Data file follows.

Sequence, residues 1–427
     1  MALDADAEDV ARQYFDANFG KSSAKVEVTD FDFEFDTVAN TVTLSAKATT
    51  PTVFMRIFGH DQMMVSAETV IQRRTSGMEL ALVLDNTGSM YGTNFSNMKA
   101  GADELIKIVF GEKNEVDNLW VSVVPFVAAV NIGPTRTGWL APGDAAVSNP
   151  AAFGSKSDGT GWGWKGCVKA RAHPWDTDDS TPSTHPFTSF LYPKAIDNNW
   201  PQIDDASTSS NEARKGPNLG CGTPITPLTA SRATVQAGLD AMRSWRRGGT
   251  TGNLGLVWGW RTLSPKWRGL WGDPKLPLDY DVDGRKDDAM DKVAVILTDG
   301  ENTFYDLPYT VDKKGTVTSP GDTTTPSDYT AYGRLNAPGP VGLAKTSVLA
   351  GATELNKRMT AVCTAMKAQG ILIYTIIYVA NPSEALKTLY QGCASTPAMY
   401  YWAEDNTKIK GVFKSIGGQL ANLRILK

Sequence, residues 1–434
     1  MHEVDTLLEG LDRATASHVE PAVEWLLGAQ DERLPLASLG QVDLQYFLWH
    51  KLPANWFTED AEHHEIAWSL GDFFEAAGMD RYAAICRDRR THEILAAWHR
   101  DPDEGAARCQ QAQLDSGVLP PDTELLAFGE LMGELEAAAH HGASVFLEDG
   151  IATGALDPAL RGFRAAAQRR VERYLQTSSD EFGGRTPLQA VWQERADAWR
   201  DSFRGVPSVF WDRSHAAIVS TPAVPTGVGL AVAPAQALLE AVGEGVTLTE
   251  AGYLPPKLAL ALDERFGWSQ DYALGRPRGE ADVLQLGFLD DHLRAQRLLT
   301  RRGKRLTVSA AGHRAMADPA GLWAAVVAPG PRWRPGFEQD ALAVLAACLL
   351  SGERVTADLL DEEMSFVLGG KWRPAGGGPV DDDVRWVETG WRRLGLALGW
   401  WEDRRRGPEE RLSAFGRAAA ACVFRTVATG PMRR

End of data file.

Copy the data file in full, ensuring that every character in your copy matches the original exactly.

Sequence, residues 1–427
     1  MALDADAEDV ARQYFDANFG KSSAKVEVTD FDFEFDTVAN TVTLSAKATT
    51  PTVFMRIFGH DQMMVSAETV IQRRTSGMEL ALVLDNTGSM YGTNFSNMKA
   101  GADELIKIVF GEKNEVDNLW VSVVPFVAAV NIGPTRTGWL APGDAAVSNP
   151  AAFGSKSDGT GWGWKGCVKA RAHPWDTDDS TPSTHPFTSF LYPKAIDNNW
   201  PQIDDASTSS NEARKGPNLG CGTPITPLTA SRATVQAGLD AMRSWRRGGT
   251  TGNLGLVWGW RTLSPKWRGL WGDPKLPLDY DVDGRKDDAM DKVAVILTDG
   301  ENTFYDLPYT VDKKGTVTSP GDTTTPSDYT AYGRLNAPGP VGLAKTSVLA
   351  GATELNKRMT AVCTAMKAQG ILIYTIIYVA NPSEALKTLY QGCASTPAMY
   401  YWAEDNTKIK GVFKSIGGQL ANLRILK

Sequence, residues 1–434
     1  MHEVDTLLEG LDRATASHVE PAVEWLLGAQ DERLPLASLG QVDLQYFLWH
    51  KLPANWFTED AEHHEIAWSL GDFFEAAGMD RYAAICRDRR THEILAAWHR
   101  DPDEGAARCQ QAQLDSGVLP PDTELLAFGE LMGELEAAAH HGASVFLEDG
   151  IATGALDPAL RGFRAAAQRR VERYLQTSSD EFGGRTPLQA VWQERADAWR
   201  DSFRGVPSVF WDRSHAAIVS TPAVPTGVGL AVAPAQALLE AVGEGVTLTE
   251  AGYLPPKLAL ALDERFGWSQ DYALGRPRGE ADVLQLGFLD DHLRAQRLLT
   301  RRGKRLTVSA AGHRAMADPA GLWAAVVAPG PRWRPGFEQD ALAVLAACLL
   351  SGERVTADLL DEEMSFVLGG KWRPAGGGPV DDDVRWVETG WRRLGLALGW
   401  WEDRRRGPEE RLSAFGRAAA ACVFRTVATG PMRR